Why I became a Wedding Filmmaker


This time last year, I’d just graduated from university with a degree in Law with French. Everyone expected that I would move to London, apply to a big law firm and become a solicitor. Well, they were half right…
I did move to London, but I chose to disregard a legal career in favour of something I was more passionate about: I became a Wedding Filmmaker.

As part of my degree, I’d had to study abroad in France for a year, and I was unfortunate enough to end up in a small city in the North called Brest. If I had to sum Brest up in 3 words, it would be: boring, grey, and wet. But I was in France, after all, so it wasn’t all bad: I got to visit my favourite city (Paris), I got to drink lots of wine and eat lots of cheese, and I got to meet a lot of cool people. When I was growing up with my brother, my dad would constantly have a camera stuck in our faces – he was (and is) into photography, and he loved capturing memories. I think this definitely rubbed off on me, because I found myself, in France, wanting to capture everything. Unlike my dad, my chosen format was video.

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And that’s how my journey to becoming a filmmaker started. I spent a week in Paris, pointing my camera (my iPhone) at everything, and then spent weeks editing the footage into a video. Then I went on a day trip somewhere, and the same thing happened again. It kept happening; I’d find myself sitting for 8 hours straight editing, without realising how much time had passed. Eating, sleeping and studying were all distractions. All I wanted to do was make videos.

When I returned to Nottingham for my final year of university, I kept this up, starting a YouTube channel and making cinematic vlogs inspired by The Michalaks, and I started to wonder if it would be possible to make money from this. At the same time, I did some legal work experience at a small solicitors’ firm and decided that this may not be the route I wanted to go down, after all. I found the work dry, soulless and boring, which was in stark contrast to how much I was enjoying making videos. Suddenly, I didn’t know what I wanted to do with my life. Here I was in my fourth year of studying law for a career I’d been sure I wanted to do, with no ambitions to continue down that path past graduation. 

become a wedding videographer
Getting the shot in Florence, Italy.

One day, my girlfriend sent me a link to a wedding video on YouTube. She said it had made her cry, and I was intrigued. I think it was by The Film Poets, who are an American husband-wife-duo that make beautiful films. I remember it blowing my mind. Previously, I’d thought wedding videos were these long, boring, badly made things by a man with a camcorder on his shoulder. But not this one. It was definitely about a wedding, and it covered the whole day, but it was only six minutes long, it was all in the wrong order, there was slow-motion, and it looked like a movie! I watched another. Then another. An idea began to form, and my mind began to race. “Could I do this?”, thought a part of me. “Why not?”, thought another.

A couple of months later, I filmed a wedding ceremony for free. I was already invited as a guest, so I asked if I could try filming it to see what I could come up with. They agreed, and I filmed it on an old DSLR and a point-and-shoot (basically, not cameras you should be using for weddings). I spent weeks editing it, and I played it for the couple when I next saw them. It was nowhere near the calibre of The Film Poets’ films I’d watched, and yet it made them cry. They seemed genuinely thankful to have this memento from their day, and I felt all warm inside; in that moment I decided that this was what I wanted to do with my life.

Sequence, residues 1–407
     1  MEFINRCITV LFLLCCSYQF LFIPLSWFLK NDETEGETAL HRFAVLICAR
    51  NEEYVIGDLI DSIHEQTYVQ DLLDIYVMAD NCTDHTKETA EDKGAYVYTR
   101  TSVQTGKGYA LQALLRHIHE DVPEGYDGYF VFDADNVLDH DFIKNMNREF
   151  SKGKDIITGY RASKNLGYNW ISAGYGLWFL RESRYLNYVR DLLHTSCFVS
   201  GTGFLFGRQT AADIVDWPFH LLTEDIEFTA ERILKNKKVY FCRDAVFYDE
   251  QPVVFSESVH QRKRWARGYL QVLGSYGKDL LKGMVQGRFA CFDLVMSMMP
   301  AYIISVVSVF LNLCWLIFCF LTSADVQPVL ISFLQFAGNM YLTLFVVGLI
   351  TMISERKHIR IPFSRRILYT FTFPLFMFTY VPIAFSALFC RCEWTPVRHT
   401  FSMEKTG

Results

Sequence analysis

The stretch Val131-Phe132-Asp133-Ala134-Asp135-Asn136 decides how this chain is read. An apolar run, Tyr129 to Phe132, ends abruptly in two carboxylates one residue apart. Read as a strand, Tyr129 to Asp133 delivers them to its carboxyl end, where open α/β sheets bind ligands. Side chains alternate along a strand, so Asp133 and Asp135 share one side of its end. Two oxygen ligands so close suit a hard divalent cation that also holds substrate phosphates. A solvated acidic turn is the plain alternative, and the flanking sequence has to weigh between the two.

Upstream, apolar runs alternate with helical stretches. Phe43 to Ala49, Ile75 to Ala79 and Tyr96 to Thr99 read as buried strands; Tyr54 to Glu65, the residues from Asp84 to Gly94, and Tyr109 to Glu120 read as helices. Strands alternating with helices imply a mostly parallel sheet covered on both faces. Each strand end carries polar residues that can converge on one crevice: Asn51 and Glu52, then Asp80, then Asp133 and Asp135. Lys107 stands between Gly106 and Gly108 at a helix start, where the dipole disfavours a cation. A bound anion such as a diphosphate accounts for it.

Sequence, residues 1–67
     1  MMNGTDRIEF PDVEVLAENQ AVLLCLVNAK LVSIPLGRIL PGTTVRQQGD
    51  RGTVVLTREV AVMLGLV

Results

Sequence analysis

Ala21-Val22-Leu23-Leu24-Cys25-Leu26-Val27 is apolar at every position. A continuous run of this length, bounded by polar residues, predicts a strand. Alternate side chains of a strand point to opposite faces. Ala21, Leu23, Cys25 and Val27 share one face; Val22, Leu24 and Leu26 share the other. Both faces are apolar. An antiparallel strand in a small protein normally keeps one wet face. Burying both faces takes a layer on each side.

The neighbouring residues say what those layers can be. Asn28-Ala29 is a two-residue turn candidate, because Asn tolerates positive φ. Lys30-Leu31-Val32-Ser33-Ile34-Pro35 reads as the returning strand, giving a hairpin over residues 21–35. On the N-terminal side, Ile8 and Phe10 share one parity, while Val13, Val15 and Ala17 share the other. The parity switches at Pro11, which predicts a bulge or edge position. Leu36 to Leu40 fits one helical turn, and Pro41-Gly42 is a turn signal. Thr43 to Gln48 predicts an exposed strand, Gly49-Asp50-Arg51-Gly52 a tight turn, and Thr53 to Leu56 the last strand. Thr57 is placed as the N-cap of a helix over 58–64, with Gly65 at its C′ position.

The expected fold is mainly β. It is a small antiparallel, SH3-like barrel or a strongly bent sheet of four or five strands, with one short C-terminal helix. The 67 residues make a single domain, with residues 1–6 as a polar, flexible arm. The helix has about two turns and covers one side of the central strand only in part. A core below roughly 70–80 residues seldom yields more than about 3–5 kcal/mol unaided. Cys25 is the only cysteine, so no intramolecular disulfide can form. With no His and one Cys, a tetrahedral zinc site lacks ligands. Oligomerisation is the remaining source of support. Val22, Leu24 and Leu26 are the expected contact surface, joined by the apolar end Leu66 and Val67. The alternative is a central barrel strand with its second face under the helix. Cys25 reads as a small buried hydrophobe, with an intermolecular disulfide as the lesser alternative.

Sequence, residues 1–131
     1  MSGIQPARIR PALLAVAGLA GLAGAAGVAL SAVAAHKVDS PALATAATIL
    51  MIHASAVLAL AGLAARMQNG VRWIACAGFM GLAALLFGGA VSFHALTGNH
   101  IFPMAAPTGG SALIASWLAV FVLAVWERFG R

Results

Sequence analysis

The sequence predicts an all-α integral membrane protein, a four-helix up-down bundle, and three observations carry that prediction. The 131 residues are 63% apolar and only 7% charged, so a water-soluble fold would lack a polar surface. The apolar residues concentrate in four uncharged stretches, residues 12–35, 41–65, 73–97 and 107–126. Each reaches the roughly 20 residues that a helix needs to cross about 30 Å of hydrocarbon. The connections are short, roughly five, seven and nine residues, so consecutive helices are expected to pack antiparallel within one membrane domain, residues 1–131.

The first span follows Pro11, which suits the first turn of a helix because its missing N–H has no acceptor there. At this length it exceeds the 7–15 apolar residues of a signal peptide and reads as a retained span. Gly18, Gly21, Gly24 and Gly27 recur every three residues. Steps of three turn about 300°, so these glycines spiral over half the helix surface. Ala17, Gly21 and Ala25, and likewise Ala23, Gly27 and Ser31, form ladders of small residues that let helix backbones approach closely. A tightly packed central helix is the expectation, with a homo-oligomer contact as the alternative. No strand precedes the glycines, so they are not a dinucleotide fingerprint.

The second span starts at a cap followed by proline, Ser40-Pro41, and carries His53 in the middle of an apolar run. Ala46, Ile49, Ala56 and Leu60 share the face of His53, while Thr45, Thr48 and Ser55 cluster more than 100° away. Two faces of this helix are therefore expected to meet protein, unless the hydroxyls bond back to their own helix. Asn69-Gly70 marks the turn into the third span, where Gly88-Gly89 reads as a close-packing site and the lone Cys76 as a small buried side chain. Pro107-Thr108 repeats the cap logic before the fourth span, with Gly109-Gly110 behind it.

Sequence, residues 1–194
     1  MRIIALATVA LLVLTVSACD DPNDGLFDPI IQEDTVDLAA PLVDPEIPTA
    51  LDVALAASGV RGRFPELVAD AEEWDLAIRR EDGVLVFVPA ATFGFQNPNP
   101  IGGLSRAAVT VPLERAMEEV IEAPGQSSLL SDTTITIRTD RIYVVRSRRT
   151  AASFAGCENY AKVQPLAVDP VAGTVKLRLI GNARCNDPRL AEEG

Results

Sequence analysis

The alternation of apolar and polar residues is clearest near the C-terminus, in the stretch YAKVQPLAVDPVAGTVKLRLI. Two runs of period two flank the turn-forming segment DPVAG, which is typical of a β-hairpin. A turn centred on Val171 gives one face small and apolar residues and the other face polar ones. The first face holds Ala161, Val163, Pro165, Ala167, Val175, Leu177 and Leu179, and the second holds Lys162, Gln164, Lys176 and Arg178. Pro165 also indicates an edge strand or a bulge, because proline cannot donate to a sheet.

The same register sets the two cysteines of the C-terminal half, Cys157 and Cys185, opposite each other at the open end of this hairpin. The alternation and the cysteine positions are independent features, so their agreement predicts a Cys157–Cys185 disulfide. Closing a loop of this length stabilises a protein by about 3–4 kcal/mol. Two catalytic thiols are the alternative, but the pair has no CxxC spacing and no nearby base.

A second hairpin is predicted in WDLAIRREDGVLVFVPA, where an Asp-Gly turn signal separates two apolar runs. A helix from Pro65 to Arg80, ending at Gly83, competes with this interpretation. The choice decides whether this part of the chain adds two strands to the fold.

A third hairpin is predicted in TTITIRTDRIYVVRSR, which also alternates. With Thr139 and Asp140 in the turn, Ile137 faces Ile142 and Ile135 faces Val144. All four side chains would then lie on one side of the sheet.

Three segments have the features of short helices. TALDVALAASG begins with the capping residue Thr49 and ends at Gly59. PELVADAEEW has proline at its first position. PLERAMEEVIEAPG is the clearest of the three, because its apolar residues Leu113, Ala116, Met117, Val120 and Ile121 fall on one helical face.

become a wedding videographer
A still from my first ever Wedding Film.

I emailed every wedding videographer nearby, and when they didn’t respond, I called them instead. Eventually, one of them agreed to hire me as an assistant, which I started doing alongside studying for my finals. After a busy summer working with him, I started getting my own bookings and filming my own weddings. I haven’t looked back since.

In the filmmaking industry, weddings are often looked down on. Filming weddings is often a stepping stone to ‘bigger and better’ things – a ‘necessary evil’ in order to gain experience behind a camera so that you can go on to make adverts and short films and things like that. Personally, I love weddings, and I have no desire to do anything else. I do a bit of commercial stuff on the side at the moment (just to try new things), but I’m quickly realising that weddings is all I want to do, because I feel it’s what I do best, and I haven’t really found anything else that I enjoy as much. On a wedding day, at no point does it feel like work. I’m filming people having a great time. They’re smiling, laughing, catching up, dancing, drinking, and for two people there it’s the happiest day of their life – how lucky am I that I get to be there capturing it?!

become a wedding videographer

In addition, I don’t need to worry about directing like you do with commercial work. Everything is already happening, with or without me, which means I can focus entirely on capturing things in the most beautiful way possible. Admittedly, it’s long hours (usually 12 hour days), and sometimes stressful. The editing can be boring (sorting through 6 hours of wedding footage to get rid of the unusable bits can take days, and that’s before the real editing and storytelling even begins), but every single day I wake up excited to make a meaningful film that will tell the story of the happiest day of someone’s life.

And when it does get tough? When I’m editing a 90 minute catholic ceremony from three different camera angles and it’s taking me a lifetime? I just remember that I could have been sat in an office drafting contracts, and I feel thankful all over again.